Diet sodas, orange juice, and grapefruit juice weren't linked to increased risk of diabetes. It's possible that the natural sugars contained in orange and grapefruit juice may have different metabolic effects than the high-fructose corn syrup that is added to regular sodas and most sweetened beverages.

Beverage Industry Reaction

WebMD contacted the American Beverage Association, the trade group representing companies that make and distribute nonalcoholic beverages in the U.S, for its response to the study.

"We agree that type 2 diabetes is an important public health problem, particularly among African- American women, but it is important to recognize that beverage consumption is not an identified risk factor for the disease," says Maureen Storey, PhD, the American Beverage Association's senior vice president for science policy.

Storey points out that the study recommends that women trying to lose weight may find it easier to do so if they switch from regular sodas to diet sodas. She also notes that the study's link between fruit-drink consumption and type 2 diabetes "is very weak or nonexistent. Therefore, avoiding these drinks may have no effect on diabetes risk."

Lastly, Storey says it's not clear whether the researchers controlled for total energy intake -- the total number of calories the women consumed from all sources. An imbalance between energy intake (calories consumed) and energy output (calories burned) can lead to weight gain over time, "and that, aside from family history, is the most important factor in development of type 2 diabetes," says Storey.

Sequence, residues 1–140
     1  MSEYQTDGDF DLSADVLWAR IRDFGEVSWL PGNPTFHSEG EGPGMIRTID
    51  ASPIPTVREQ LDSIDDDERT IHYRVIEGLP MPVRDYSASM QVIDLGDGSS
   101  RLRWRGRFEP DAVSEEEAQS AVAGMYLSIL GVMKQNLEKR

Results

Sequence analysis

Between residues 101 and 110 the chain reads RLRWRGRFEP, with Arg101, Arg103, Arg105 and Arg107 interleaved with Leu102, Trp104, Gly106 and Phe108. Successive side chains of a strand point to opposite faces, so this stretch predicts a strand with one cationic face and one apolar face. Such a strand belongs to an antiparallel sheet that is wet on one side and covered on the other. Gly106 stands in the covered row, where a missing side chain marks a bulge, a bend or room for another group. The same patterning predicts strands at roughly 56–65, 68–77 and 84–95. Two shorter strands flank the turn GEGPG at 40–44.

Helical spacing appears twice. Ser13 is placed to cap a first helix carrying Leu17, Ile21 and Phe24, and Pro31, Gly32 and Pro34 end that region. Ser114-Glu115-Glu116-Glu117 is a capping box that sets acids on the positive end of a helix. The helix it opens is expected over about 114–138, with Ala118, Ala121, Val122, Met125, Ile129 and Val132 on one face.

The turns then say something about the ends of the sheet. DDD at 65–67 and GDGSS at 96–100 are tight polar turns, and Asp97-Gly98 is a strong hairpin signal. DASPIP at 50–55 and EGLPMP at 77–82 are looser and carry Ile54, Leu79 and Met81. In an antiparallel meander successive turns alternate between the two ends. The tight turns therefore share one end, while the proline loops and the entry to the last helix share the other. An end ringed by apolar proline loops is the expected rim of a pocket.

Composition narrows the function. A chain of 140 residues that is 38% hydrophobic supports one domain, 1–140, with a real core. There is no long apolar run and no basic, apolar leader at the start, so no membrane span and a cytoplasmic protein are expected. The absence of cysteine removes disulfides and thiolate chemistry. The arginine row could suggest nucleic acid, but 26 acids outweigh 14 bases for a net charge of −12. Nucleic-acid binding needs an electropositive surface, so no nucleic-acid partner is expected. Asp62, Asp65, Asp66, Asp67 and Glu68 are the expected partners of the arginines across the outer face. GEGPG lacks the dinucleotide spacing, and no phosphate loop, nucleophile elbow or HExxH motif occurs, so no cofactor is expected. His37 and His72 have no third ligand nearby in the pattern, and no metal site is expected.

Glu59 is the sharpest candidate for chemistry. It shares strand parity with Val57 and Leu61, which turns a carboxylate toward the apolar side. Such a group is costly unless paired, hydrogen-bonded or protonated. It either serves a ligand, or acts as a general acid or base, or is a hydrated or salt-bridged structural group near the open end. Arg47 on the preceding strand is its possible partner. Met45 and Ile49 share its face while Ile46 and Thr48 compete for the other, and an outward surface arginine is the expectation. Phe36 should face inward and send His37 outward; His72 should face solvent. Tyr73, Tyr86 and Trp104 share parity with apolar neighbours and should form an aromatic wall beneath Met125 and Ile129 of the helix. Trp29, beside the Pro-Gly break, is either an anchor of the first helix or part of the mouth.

Fruits and Vegetables May Cut Diabetes Risk

Eating more fruits and vegetables may cut diabetes risk, according to another study in the journal.

The study included nearly 22,000 adults in Norfolk, England. When the study started, they got a checkup, provided blood samples, and completed a diet and lifestyle survey.

Over the next 12 years, 735 of the participants developed diabetes.

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After controlling for multiple other lifestyle factors, including vitamin supplement intake, the diagnosis of diabetes was 62% less likely in people with the highest blood levels of vitamin C and 22% less likely in those with the highest intake of fruits and vegetables. Participants with the highest vitamin C levels ate five to six servings of fruits and vegetables per day.